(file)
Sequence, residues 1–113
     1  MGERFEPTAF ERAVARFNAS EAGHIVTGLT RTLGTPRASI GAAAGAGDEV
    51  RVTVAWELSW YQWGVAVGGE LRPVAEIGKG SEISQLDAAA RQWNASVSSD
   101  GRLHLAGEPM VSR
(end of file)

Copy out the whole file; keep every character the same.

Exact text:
Sequence, residues 1–113
     1  MGERFEPTAF ERAVARFNAS EAGHIVTGLT RTLGTPRASI GAAAGAGDEV
    51  RVTVAWELSW YQWGVAVGGE LRPVAEIGKG SEISQLDAAA RQWNASVSSD
   101  GRLHLAGEPM VSR